OTTAWA — A bill has been introduced in the Canadian Parliament that would extend the country’s ban on “hate propaganda” to pertain to “gender identity.”
Bill C-16 was introduced on the International Day Against Homophobia and Transphobia by Minister of Justice Jody Wilson-Raybould.
“This enactment amends the Canadian Human Rights Act to add gender identity and gender expression to the list of prohibited grounds of discrimination,” a summary of the bill outlines.
“The enactment also amends the Criminal Code to extend the protection against hate propaganda set out in that Act to any section of the public that is distinguished by gender identity or expression,” it continues, “and to clearly set out that evidence that an offence was motivated by bias, prejudice or hate based on gender identity or expression constitutes an aggravating circumstance that a court must take into consideration when it imposes a sentence.”
Those who violate the law by discriminating against a transgendered person or using speech that is deemed to “incite hatred” against the person might face up to two years behind bars.
Prime Minister Justin Trudeau, who is expected to march in this year’s pride parade, had released a statement the same day to advise that the bill would be introduced.
“As a society, we have taken many important steps toward recognizing and protecting the legal rights for the LGBTQ2 community—from enshrining equality rights in the Canadian Charter of Rights and Freedoms to the passage of the Civil Marriage Act,” he said. “There remains much to be done, though. Far too many people still face harassment, discrimination, and violence for being who they are. This is unacceptable.”
“To do its part, the government of Canada today will introduce legislation that will help ensure transgender and other gender-diverse people can live according to their gender identity, free from discrimination, and protected from hate propaganda and hate crimes,” Trudeau stated.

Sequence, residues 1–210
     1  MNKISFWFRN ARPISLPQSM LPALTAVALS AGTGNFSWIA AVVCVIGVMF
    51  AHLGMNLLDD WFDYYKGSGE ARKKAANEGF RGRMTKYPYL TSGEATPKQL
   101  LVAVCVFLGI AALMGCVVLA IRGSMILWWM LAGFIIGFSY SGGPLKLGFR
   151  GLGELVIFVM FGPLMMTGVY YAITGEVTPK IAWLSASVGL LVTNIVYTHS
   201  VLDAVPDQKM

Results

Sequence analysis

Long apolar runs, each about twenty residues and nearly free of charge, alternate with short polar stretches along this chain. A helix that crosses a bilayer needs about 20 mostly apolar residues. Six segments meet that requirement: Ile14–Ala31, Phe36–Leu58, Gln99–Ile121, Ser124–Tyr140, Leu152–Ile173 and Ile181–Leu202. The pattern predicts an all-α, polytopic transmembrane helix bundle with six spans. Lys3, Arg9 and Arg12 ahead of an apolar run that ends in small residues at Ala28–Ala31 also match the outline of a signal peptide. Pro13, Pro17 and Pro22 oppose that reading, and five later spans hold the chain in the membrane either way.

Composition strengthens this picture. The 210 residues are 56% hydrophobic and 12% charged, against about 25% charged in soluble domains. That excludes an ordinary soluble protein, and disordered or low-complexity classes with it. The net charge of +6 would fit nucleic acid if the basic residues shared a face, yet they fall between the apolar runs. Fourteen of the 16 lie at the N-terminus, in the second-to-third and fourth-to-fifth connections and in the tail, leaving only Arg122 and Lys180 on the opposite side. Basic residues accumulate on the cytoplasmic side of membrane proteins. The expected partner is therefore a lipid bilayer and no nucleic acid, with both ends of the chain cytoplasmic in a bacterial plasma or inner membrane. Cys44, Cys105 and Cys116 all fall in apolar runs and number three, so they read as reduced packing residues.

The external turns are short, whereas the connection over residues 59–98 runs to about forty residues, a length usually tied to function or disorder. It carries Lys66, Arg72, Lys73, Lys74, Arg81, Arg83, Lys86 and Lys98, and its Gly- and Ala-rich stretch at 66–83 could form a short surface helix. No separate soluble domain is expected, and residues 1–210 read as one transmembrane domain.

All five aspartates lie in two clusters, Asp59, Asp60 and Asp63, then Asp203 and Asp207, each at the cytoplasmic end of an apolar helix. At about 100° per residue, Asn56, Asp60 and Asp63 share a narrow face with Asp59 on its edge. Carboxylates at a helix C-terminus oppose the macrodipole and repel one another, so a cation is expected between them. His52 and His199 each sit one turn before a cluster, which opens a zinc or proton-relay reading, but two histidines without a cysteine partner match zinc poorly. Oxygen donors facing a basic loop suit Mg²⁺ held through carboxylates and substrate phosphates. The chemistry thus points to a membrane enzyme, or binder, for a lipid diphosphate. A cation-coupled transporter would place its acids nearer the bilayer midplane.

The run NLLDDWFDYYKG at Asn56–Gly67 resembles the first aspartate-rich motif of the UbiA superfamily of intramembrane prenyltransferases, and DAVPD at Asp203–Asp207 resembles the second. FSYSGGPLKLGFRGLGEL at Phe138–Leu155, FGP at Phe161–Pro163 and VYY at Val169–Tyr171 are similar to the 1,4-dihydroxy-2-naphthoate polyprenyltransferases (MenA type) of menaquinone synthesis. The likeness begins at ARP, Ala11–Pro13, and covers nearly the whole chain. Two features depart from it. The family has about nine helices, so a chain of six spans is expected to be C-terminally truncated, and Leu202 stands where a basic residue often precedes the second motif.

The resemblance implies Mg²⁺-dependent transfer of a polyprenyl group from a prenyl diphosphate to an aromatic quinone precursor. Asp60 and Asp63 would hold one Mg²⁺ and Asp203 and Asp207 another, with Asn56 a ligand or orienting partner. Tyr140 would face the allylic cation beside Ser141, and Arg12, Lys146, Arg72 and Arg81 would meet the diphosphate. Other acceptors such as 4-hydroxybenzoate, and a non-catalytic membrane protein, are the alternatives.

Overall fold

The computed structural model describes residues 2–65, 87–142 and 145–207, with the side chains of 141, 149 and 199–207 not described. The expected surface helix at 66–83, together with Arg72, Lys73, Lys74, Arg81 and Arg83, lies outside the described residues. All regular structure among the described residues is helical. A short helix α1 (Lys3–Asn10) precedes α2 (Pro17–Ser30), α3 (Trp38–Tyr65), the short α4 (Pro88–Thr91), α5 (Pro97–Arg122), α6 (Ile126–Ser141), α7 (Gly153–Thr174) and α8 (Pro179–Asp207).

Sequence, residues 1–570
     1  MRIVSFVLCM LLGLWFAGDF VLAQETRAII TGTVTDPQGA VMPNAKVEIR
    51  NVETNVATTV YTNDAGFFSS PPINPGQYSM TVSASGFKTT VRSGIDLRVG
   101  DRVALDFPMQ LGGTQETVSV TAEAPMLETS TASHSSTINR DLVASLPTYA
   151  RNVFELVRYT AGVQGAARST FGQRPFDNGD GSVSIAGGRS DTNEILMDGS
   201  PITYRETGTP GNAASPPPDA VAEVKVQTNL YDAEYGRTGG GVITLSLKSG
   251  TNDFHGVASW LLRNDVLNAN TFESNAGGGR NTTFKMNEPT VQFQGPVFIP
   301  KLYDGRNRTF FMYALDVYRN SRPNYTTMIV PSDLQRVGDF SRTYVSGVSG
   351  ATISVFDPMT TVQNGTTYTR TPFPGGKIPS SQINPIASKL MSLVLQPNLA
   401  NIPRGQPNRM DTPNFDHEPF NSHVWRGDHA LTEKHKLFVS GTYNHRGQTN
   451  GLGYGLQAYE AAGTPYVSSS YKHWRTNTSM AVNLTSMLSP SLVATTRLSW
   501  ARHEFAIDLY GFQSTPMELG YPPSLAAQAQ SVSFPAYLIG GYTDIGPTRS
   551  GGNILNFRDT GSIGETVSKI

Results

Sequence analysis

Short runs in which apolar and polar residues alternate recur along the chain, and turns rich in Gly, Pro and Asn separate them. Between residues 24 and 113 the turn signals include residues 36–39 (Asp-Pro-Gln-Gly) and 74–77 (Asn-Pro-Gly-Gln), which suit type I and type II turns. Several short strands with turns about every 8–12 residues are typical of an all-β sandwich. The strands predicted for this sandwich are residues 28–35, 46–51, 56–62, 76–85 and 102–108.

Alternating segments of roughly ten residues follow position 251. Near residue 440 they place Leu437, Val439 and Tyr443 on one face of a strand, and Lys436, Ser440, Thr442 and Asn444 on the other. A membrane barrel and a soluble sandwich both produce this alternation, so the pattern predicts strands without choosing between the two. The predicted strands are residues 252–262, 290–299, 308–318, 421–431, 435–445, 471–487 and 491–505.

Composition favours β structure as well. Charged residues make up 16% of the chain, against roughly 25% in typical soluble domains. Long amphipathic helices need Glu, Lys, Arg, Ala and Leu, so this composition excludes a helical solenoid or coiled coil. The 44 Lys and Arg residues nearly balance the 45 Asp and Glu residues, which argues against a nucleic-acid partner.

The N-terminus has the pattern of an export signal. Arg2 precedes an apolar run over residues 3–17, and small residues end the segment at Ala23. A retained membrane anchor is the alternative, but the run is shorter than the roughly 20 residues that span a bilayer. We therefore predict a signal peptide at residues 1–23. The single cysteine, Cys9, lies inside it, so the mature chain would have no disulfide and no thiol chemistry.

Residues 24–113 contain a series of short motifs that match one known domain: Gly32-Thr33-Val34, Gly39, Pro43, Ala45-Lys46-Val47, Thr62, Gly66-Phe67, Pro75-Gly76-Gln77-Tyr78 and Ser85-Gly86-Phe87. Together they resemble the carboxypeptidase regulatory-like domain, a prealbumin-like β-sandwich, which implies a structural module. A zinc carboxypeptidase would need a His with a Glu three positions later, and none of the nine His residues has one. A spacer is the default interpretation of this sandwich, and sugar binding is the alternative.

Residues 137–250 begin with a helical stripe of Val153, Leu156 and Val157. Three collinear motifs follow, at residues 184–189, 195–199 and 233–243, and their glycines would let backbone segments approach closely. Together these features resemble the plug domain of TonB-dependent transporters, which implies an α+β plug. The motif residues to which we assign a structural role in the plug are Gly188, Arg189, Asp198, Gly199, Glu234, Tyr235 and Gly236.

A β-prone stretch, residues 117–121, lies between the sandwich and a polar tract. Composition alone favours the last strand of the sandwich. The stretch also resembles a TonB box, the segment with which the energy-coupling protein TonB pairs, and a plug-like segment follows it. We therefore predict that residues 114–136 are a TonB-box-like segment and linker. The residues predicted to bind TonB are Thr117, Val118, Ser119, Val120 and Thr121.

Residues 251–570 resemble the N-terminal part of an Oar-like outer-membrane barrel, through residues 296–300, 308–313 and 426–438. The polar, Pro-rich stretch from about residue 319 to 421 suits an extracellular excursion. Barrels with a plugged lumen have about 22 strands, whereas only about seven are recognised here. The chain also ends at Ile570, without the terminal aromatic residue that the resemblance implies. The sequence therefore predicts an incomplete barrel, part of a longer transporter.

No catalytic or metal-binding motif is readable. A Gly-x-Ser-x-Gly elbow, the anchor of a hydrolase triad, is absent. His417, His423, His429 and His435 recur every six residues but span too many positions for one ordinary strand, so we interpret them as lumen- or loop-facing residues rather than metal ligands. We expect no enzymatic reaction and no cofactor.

But some have expressed concern over the proposal, including Charles McVety, president of the Institute for Canadian Values, who called the bill “nebulous and reckless.”
“Bill C-16 is so vague, it is unenforceable,” he said in a statement. “The fluid nature of gender identity is so nebulous that people can change their gender identity moment by moment. In that the bill seeks to change the Criminal Code of Canada, people may be sent to prison for two years over something that is ill-defined, and indeterminable.”
“It is also reckless as the proposed law will establish universal protection for any man who wishes to access women’s bathrooms or girls’ showers with momentary gender fluidity,” McVety continued. “Every Member of Parliament should examine their conscience over the potential of their vote exposing women and girls to male genitalia.”
There is also uncertainty as to how the law will be applied to free speech. As previously reported, in 2013, the Supreme Court of Canada upheld the conviction of activist William Whatcott, who found himself in hot water after distributing flyers regarding the Bible’s prohibitions against homosexuality throughout the Saskatoon and Regina neighborhoods in 2001 and 2002.
The Supreme Court declared one flyer to be unlawful because it called homosexual acts “filthy,” and contended that children are more interested in playing Ken and Barbie than “learning how wonderful it is for two men to sodomize each other.” The justices ruled that because the use of the word “sodomy” only referred to “two men” and not also the sex acts of heterosexuals, it was a direct target against a specific group of people.
The Supreme Court also noted in its opinion, among other concerns, that Whatcott’s use of the Bible to target homosexuals was a problem.
“[Whatcott’s] expression portrays the targeted group as a menace that could threaten the safety and well-being of others, makes reference to respected sources (in this case the Bible) to lend credibility to the negative generalizations, and uses vilifying and derogatory representations to create a tone of hatred,” the panel ruled.
It pointed back to the lower court ruling, which asserted, “While the courts cannot be drawn into the business of attempting to authoritatively interpret sacred texts such as the Bible, those texts will typically have characteristics which cannot be ignored if they are to be properly assessed in relation to … the [Hate Crimes] Code.”
The judges did note, however, that “it would only be unusual circumstances and context that could transform a simple reading or publication of a religion’s holy text into what could objectively be viewed as hate speech.”